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Little was too late with ace in a hole

NEW YORK -- One thing the Red Sox have always had is folklore and, on a sad night in the South Bronx, their manager instantly became a part of it.

These days in sports, there are more and more questions about legacies, and Grady Little's legacy will be that he left a Hall of Fame pitcher in the game too long. It's awful that it had to come to this. The Sox and Yankees met 19 times in the regular season. They met seven more times in a thrilling American League Championship Series. They gave the nation an overtime classic in Game 7, going 11 innings until it was time for one side to weep.

And that's the part that makes it difficult to see clearly now. The shock and the tears. An objective version of history will call this a great game. History -- in its balanced, measured tone -- will detail the fans' pacing in between innings, a Yankee comeback and, most memorably, how a stadium with more than 56,000 people went mostly quiet when the Sox took a 4-0 lead in the top of the fourth.

But following the Sox has never been about objectivity. You love this team to exhaustion and, once in a while, you want to hear about a great playoff game that you won. Not the other guy. Especially if the other guy has a white, interlocking "NY" on his cap.

This is the unwritten contract every Sox manager has to accept and, just as important, understand. Walpole Joe Morgan accepted it and understood it. Jimy Williams accepted it and didn't quite understand it. We'll find out where Little stands soon, because he is going to be tested as long as he continues to receive mail on Yawkey Way.

No one really wants to hear about Aaron Boone being a great story. No wants to raise a glass to a man who was traded here from the Reds and came up with the biggest hit of his life. With his big brother Bret watching from the Fox booth, young Boone swung at the first Tim Wakefield pitch he saw in the 11th. He sent a knuckleball deep into the Yankee Stadium sky. A 5-5 tie was broken, New England hearts were broken, and the Yankees were headed to the World Series.

Yankees 6, Red Sox 5.

It didn't have to be this way.

It shouldn't have been this way.

Sox starter Pedro Martinez had a 4-0 lead going into the fifth and a 5-2 lead in the eighth when his manager was faced with a tough decision. Do you leave a tired Martinez in the game to pitch to Hideki Matsui? Or do you go to the bullpen?

Little stuck with Martinez, even though Matsui, a lefthander, hit him well in the infamous Game 3 at Fenway Park.

"Pedro Martinez has been our man all year long," Little said after the loss. "And in a situation like that, he's the one we want on the mound over anybody else we can bring in out of that bullpen.

"He had enough in his tank to finish off [Jorge] Posada. He made some good pitches to him, squeezed his ball out over the infield, and there's nothing we can do about it now."

After Little's decision to stay with his ace, Matsui and Posada produced back-to-back doubles and the Yankees were able to turn a 5-2 deficit into a 5-all tie. Martinez came out then, but it was too late. The members of the bullpen were easy targets most of the season, but that changed in the playoffs. Alan Embree, Mike Timlin and Scott Williamson were starting to become trustworthy. They were rested, too. And not used.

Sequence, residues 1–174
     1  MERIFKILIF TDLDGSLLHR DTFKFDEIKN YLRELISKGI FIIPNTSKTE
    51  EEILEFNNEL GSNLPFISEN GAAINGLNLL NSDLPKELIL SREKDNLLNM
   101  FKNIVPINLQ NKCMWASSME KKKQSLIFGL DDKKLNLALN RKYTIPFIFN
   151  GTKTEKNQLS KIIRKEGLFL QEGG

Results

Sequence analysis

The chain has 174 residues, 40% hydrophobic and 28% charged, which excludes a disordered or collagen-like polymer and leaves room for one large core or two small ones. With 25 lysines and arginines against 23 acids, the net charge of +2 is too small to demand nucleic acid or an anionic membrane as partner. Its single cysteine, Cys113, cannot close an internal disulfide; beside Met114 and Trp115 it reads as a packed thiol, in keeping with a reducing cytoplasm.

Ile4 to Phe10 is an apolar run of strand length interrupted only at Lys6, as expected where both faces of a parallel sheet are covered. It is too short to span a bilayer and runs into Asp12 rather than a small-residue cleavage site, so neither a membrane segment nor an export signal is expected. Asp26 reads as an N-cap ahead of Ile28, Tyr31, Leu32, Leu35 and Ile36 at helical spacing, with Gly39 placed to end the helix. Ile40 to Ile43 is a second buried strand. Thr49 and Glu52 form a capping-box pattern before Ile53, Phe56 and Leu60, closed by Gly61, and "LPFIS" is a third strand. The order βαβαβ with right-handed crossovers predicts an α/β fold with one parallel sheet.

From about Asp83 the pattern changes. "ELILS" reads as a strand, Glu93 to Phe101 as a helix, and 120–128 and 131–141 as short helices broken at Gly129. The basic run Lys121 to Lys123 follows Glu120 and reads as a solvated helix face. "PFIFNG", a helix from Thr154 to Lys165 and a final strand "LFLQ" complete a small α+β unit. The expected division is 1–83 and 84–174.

This was more painful than the Sox' 1999 ALCS loss to the Yankees because Boston wasn't as good as New York then. This was difficult to accept because it was not a case of a held ball or a ball sliding through a first baseman's legs. It was not a cheap home run on a routine fly to left. This loss came down to a decision, right and wrong. The right decision would have put the Sox in the World Series for the first time in 17 years. The wrong decision left them staring out onto the Yankee Stadium grass as the team they nearly beat danced, hugged, and cried.

Martinez sat in the dugout watching it all with the gray hood of his sweatshirt pulled over his head. New England fans have watched him enough and listened to him enough to know that he can be convincing when he wants something. There is no question that he politicked with Little to stay in the game. But conservation is part of his pitching package now, more than ever. If he isn't pacing himself, someone needs to pace him. The brilliance of the man is that he can get almost anyone out, even when he is throwing in the high 80s and low 90s. There is a warning label, though, and it says this: Use caution when pitch count exceeds 100.

The pitch count was at 115.

Martinez stayed, while Embree, Timlin and Williamson watched.

This is Grady's legacy.

The folksy manager from North Carolina has never been completely embraced in New England. That's not going to change now. He is without a contract for next year, but he's still likely to return. His bosses, Larry Lucchino and John W. Henry, are extremely conscious of image. They will have a hard time justifying parting ways with a man who won 93 games his first season and 95 his second. He tells good jokes. He is one of the boys.

But he should be ready to hold on in 2004 and beyond. This is not over. John McNamara is still being questioned about his decision to remove Roger Clemens from Game 6 of the '86 Series. Still. Little's decision will be questioned and dissected and debated forever.

A man from the South is now part of Sox folklore. It shouldn't have come to this. We shouldn't be talking about yet another great game that was won by the guy in the wrong baseball cap.

Michael Holley is a Globe columnist. His e-mail address is

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